By Bob Milliken
Just because your website is not getting leads you may think it’s because you’re a small guy in a big ocean and Google is ignoring you. You may well be being ignored but it not because you’re a small guy. The more likely reason is you’re not relevant. It’s true, you can be a small guy and get the top spot (in the search engines). You just have to be relevant. What the heck does that mean?
Let me explain.
Large websites (think Wikipedia) and those that have been around for a long time, often have a leg up in the competition for the top search result spots in your favorite search engines. This doesn’t mean you don’t have a shot though. In an effort to bring their customers – the people that type in the search – the best results possible, search engines like Google are weighing relevancy quite heavily. And you can use this to your advantage, even as a small guy. Here’s how:
Be Specific – Go After The Long Tail And Niche Down
Don’t go after a top keyword for your niche. Let’s say you’re selling blue widgets. Don’t go after the term “blue widgets”. Yes, it gets the highest search volume, but not everyone searching will be ready to buy blue widgets from you. Maybe they are looking for blue widget images because they are curious what they look like. Maybe they are looking for instructions on making their own blue widgets, or they want to find someone who can manufacture a lot of these blue widgets for their own shop.
Instead, go after the long tail. Use key phrases like “where to buy blue widgets online” or “best place to buy blue widgets in Surrey”. Even better, find a way to set yourself apart from the competition by becoming the place selling blue widgets for bicycles. Make yourself the expert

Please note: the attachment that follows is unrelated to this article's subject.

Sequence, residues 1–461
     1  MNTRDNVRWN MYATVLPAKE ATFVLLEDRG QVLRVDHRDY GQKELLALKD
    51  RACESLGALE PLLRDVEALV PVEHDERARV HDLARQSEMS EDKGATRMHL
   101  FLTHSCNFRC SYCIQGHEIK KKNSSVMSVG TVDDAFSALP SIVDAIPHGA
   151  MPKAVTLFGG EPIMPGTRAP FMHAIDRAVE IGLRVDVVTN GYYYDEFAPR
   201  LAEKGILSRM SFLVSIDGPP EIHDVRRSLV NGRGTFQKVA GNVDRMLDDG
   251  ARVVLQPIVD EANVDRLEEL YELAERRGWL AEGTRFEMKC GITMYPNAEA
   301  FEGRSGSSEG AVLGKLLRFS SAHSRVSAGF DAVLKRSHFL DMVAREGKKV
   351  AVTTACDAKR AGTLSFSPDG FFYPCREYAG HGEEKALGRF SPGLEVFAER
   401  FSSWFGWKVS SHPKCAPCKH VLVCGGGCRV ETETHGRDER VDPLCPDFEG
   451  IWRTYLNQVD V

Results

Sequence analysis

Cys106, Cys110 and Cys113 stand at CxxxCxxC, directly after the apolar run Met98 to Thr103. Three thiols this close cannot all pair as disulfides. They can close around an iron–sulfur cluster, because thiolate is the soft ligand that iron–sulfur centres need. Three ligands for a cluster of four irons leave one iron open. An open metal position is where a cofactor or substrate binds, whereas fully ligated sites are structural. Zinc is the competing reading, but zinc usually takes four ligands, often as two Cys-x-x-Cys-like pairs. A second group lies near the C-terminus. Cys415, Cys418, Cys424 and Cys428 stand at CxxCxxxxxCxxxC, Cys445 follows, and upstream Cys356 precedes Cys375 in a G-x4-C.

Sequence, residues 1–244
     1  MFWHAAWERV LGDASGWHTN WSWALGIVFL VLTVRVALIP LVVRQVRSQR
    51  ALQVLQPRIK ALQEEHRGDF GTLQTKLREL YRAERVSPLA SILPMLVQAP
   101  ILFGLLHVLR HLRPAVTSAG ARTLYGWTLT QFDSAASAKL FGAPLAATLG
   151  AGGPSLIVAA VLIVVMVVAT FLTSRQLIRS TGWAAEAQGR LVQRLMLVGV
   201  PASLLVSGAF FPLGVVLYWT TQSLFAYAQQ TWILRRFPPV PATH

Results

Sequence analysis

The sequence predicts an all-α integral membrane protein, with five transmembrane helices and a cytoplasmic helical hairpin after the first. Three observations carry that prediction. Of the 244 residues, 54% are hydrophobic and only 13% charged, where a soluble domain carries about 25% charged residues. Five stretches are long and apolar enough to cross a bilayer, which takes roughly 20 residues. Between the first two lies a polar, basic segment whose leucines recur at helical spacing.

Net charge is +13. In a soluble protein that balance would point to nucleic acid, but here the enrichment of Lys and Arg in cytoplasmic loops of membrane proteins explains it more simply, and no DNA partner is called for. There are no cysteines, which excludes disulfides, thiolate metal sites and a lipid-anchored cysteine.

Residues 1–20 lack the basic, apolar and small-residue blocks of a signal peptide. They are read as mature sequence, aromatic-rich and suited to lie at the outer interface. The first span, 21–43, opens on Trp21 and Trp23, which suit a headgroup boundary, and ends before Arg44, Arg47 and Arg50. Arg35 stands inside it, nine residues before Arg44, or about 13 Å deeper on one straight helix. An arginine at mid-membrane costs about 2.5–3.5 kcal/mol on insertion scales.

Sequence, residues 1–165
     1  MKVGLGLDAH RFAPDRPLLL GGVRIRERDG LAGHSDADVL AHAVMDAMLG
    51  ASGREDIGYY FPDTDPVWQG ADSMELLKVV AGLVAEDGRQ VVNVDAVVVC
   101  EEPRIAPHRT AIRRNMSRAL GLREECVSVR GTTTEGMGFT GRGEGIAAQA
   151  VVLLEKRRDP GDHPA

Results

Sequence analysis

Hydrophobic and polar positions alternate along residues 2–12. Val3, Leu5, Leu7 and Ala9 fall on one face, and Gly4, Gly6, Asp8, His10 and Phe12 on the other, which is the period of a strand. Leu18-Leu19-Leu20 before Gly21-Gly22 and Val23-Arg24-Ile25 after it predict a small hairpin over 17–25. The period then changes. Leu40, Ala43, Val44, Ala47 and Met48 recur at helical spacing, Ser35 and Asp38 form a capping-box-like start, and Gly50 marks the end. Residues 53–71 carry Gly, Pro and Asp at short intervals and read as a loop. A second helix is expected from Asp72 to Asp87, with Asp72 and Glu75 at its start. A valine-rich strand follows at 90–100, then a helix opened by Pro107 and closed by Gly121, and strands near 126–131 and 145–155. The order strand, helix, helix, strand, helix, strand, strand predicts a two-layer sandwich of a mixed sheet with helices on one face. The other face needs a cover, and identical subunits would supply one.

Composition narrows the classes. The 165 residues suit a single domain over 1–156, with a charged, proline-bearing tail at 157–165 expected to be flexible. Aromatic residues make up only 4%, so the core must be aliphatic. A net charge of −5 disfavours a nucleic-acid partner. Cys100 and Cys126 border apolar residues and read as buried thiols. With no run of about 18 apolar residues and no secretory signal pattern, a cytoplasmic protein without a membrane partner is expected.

Stay On Topic
Relevancy is all about staying on topic. A small website dedicated to share great content exclusively on one topic will rank higher than larger sites that share everything. For this reason alone, despite its huge authority, Wikipedia doesn’t rank for everything. Even though there’s a page on just about everything on that site.
Putting this another way, let’s say you decide to build a site about gardening. Pick a niche within gardening and stick to it. Do this and you may become one of the authority sites about rose gardening or building a year-round herb garden.
Each time you work on a new piece of content ask yourself if it is on topic. Don’t try to be everything to everyone. Relevancy matters.
Go Local Where It Makes Sense
I touched on this earlier, but it’s an important topic, so let’s dive a little deeper. Where it makes sense, it can be very beneficial to make your content local. Instead of becoming one more seller of yellow widgets online, you could become the seller of yellow widgets for your state or your town and rake in the profits.
Of course this doesn’t make sense for everyone. But let’s say you are great at email marketing. Instead of putting up yet another site and offer yet another course to everyone in the English speaking world on the topic, go after the small businesses in your area. Become the expert for email marketing in Surrey. Not only will it be much easier to rank for this longer tail keyword, it also opens up all sorts of new options for local marketing. And don’t forget about higher priced products and services you can now offer locally such as (or once we get back to living in a normal world) in-person workshops and consultations.
I think we’re pretty clear on this point. Always be relevant.